Top Headlines: Saban Center plans announced, Tornadoes possible today

Plans for Tuscaloosa’s Saban Center announced
The Sabans are getting ready to leave another mark on Tuscaloosa beyond championships. Alabama Coach Nick Saban and his wife Terry Sunday were on hand to announce The Saban Center, a project to create a learning center on the Black Warrior River that brings together the Children’s Hands-On Museum, Tuscaloosa Public Library and Tuscaloosa Children’s Theater. –

Keep a weather eye: Some parts of state could see twisters today
A weather system moving across the country will create the chance for severe storms including tornadoes across the Deep South on Monday, the National Weather Service said. Forecasters said more than 2.5 million people live in an area that faced an enhanced risk from twisters stretching from Louisiana through southern Mississippi into western Alabama. The area includes the cities of Baton Rouge, Louisiana; Jackson, Mississippi; and Tuscaloosa, Alabama. – AP

Main Street Alabama tries out retail incubator in two cities
Two reconditioned shipping containers are serving as retail incubators this holiday season in two Alabama cities. Main Street Alabama is working with Heflin, in Cleburne County, and Wetumpka, in Elmore County, to open Small Box Shop retail incubators in their downtown areas. –

Fewer students are going to college. Is that good or bad?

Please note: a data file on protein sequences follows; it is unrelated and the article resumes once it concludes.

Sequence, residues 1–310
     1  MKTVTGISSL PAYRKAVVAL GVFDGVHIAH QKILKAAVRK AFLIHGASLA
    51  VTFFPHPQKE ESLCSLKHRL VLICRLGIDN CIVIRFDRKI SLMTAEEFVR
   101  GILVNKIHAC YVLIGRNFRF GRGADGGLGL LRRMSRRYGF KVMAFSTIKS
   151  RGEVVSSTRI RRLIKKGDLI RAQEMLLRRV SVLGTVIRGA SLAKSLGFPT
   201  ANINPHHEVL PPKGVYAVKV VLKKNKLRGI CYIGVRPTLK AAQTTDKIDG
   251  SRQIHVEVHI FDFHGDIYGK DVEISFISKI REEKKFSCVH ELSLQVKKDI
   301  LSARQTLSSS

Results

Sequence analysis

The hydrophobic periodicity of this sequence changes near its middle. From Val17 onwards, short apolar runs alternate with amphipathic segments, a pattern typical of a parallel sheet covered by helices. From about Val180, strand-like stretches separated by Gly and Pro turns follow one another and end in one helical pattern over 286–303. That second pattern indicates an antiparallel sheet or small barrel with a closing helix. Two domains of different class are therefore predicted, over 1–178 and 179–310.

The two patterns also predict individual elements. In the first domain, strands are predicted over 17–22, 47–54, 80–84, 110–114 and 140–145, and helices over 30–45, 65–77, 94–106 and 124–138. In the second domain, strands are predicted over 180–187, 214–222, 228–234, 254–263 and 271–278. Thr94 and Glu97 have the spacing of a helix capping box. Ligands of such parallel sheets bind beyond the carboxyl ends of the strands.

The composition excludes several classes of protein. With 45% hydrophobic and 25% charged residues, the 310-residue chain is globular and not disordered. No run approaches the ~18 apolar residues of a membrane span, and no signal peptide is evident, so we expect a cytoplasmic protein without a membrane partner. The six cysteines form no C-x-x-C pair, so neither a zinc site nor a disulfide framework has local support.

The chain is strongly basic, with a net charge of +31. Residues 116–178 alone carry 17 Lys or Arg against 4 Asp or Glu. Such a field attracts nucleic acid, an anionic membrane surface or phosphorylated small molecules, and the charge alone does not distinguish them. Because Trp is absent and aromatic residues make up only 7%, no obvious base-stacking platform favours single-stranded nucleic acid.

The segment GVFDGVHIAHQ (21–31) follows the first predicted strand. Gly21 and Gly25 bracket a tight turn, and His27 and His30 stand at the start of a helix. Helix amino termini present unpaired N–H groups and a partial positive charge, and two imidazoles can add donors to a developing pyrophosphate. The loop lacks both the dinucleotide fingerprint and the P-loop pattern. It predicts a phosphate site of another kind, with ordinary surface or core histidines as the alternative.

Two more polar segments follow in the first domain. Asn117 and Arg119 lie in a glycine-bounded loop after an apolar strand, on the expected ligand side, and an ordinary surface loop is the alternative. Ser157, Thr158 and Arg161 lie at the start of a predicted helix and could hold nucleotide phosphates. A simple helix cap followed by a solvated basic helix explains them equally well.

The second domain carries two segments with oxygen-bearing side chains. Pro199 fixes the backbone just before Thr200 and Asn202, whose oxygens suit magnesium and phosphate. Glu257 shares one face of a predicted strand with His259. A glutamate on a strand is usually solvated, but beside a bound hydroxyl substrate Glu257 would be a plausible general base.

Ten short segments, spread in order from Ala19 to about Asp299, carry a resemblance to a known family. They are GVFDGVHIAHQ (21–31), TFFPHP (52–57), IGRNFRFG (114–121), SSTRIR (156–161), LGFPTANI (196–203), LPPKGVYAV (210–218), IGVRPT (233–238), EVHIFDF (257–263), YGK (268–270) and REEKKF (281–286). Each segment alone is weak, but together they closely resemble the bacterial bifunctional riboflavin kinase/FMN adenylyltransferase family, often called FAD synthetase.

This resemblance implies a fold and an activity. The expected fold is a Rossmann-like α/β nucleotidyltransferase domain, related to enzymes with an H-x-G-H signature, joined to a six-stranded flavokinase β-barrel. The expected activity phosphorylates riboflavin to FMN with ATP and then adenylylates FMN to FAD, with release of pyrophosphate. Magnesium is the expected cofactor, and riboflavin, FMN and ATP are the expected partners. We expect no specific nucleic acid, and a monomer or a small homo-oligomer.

This fall, there were nearly 250,000 fewer students enrolled in college than a year ago, according to new numbers out Monday from the National Student Clearinghouse Research Center, which tracks college enrollment by student. “That’s a lot of students that we’re losing,” says Doug Shapiro, who leads the research center at the Clearinghouse. – NPR

Jones reintroduces legislation to stop predatory unsolicited loans
U.S. Senators Doug Jones (D-Ala.), Tom Cotton (R-Ark.), and Jeff Merkley (D-Ore.) have reintroduced bipartisan legislation—the Unsolicited Loan Act —that would halt the predatory practice of mailing high-interest loans to consumers in the form of “live” checks. Often times, when consumers receive these checks in the mail they believe them to be from their bank or another trusted financial institution and are unaware the check is a high-interest loan. – AL Political Reporter

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